Isn't it nice when you go out and not only have a lovely time but on your return to the blogosphere you find your companion has written the perfect post about it, saving you the bother! Not only can you find out where I was but also find links to reviews of the production concerned and an interview with Ken Branagh – including a little about his upcoming role on TV as Kurt Wallender, Henning Mankell's miserable but endearing detective.
I am not particularly a Kenneth Branagh fan: I saw him onstage in London in his breakthrough role in Another Country, which dates both me and him, and in the interim have experienced many years of watching his rather self-regarding persona in various films (mainly) and the odd play. But yesterday, he was wonderful as Ivanov. The play is not performed that often compared with the rest of Chekhov's output (Uncle Vanya, The Three Sisters, The Cherry Orchard and The Seagull are most often performed). And it is true that the play has some of the hallmarks of being an "early work". Nevertheless, the translation by Tom Stoppard is excellent and the ensemble work superb. As Times critic Benedict Nightingale writes:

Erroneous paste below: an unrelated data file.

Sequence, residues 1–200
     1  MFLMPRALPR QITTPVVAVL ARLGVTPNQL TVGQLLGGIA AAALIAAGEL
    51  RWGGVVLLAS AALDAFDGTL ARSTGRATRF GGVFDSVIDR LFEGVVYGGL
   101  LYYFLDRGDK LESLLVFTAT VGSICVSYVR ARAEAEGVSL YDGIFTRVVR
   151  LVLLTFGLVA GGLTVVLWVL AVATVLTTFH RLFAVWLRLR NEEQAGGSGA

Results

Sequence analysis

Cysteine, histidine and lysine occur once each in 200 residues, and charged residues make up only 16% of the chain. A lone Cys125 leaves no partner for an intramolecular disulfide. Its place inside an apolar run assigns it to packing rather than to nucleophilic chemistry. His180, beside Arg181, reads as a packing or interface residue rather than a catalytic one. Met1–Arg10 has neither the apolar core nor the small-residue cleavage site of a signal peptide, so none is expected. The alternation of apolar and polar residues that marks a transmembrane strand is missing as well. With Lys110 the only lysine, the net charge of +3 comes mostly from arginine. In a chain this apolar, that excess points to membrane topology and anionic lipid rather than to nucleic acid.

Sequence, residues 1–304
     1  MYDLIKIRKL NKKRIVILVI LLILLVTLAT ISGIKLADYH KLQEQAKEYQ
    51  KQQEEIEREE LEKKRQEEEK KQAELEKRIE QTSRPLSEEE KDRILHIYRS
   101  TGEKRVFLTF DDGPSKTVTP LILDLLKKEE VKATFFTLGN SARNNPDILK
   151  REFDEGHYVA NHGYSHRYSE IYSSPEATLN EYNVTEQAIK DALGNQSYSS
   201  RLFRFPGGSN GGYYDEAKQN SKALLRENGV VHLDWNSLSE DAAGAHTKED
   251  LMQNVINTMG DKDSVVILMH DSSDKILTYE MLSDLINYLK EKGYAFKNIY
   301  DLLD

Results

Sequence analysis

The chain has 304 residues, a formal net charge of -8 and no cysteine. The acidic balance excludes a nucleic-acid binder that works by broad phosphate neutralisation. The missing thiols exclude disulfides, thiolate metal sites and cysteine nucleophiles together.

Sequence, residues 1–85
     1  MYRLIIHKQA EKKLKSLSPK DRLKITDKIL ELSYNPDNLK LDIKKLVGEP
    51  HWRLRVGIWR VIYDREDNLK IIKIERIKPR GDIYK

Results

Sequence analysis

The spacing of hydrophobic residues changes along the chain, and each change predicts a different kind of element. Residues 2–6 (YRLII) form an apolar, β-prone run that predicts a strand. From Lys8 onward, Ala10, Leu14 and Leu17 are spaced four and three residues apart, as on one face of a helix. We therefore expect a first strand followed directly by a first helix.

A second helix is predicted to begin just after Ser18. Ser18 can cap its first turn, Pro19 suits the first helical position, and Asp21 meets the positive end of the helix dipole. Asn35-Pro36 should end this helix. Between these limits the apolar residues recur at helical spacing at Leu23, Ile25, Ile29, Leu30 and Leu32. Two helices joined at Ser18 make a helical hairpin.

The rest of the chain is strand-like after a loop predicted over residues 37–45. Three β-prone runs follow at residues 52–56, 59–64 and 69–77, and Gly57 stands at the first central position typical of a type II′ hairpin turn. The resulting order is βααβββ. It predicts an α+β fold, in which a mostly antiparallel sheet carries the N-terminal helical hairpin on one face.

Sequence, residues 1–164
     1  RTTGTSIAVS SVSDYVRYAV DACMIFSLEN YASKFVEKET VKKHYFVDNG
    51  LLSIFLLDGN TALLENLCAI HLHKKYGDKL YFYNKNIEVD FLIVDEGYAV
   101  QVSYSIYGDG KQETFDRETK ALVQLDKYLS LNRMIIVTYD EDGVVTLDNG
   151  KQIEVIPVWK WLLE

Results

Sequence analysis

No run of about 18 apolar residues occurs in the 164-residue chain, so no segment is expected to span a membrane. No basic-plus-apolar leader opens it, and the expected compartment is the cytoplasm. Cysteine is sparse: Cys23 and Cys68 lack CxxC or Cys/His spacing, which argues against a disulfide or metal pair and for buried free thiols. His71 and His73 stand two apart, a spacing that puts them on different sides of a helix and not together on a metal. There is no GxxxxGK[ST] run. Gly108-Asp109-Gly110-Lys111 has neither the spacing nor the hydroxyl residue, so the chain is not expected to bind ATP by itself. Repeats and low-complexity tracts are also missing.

"Michael Grandage bolsters his reputation as an actor’s director by getting fine performances from the (variously) ebullient, malicious and wanly affable topers played by Lorcan Cranitch, Malcolm Sinclair and Kevin McNally, but he’s equally successful at evoking a tiny, mean-spirited world where the diversions are playing cards, exchanging scandal and making anti-Semitic remarks. And the sum effect is so glumly comic you’re left wondering how Ivanov could ever have been dismissed as minor Chekhov." Cranitch and McNally in particular had the three of us laughing uncontrollably; but Branagh was truly superb, well inside the skin of this man whose irony, and tragedy, was that he was the honest person among a large group of pretenders for the accolade. The logic of his self-diagnosed condition was faultless, emotionally gripping, played-down and pacy. This is not a play with longueurs, thankfully. But it is a play with which those of us of a certain age, or at a certain stage in life, can identify, all too well. That is the genius of this particular author.